I think Moore feels animosity towards superhero comics because he set out to elevate the medium and not only did his efforts fail,a majority of his peers and the fandom embraced the WRONG message. His 1980’s superhero work is all dark and gritty, but he usually made it pretty clear (never clearer than in Swamp Thing #50) that it wasn’t just for the sake of being dark and gritty. He wanted to use a medium that had been written off as meritless children’s stories to ask bigger questions and hopefully get comics the sort of academic attention and respect that literature, film and music regularly enjoy. Unfortunately, the industry missed the important part and for the last couple of decades have tried to emulate the dark and gritty without the lofty aspirations. He even appears to feel some guilt about the fact that the decline in quality of mainstream superhero comics is partially the result of his attempts to call for (what he thought at the time) would be higher quality comics. At least, that’s how I read him.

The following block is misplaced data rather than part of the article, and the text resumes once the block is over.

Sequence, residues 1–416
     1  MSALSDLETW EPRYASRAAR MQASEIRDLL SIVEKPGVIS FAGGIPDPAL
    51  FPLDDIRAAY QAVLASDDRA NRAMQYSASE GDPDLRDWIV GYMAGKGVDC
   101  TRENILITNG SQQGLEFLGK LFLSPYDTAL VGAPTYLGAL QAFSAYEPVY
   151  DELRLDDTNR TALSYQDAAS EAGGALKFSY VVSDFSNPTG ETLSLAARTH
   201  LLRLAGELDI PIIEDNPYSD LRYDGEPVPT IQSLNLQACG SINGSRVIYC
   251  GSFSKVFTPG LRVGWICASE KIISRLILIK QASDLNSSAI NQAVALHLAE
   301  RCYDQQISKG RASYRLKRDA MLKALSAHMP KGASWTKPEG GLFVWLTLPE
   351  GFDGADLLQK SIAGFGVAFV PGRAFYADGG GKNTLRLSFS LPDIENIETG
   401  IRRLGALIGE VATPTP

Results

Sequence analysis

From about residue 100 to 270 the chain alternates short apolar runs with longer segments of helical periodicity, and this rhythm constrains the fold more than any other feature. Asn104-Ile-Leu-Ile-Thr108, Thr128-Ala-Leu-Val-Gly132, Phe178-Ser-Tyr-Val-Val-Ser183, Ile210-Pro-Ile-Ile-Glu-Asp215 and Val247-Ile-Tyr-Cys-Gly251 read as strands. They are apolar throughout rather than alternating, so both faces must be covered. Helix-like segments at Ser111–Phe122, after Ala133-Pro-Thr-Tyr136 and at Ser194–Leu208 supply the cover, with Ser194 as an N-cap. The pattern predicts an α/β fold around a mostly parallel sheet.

If you’re interested in seeing Moore try to fix a problem he feels he started, I really recommend you track down his ABC (America’s Best Comics) work that does NOT contain the words League, of, Extraordinary or Gentlemen in the title. Tom Strong in particular is a positive and creative look at where comic books might be if the heroes hadn’t become so perverted. Promethea looks at religion, science, history, philosophy and Eastern mysticism and tries to find the connections in all of it. Top 10 had a lot of fun characters and through the inter-dimensional, super-powered police force plot became sort of an homage to the entire wild history of never-ending comic book continuities (I’m not wild about the SMAX spin-off series though). All of those books had phenomenal art as well, and although the ultra-liberal looniness you’d expect from a guy like Moore IS sprinkled in there, I never remember it being in portions too big or administered too forcefully to spoil my appetite.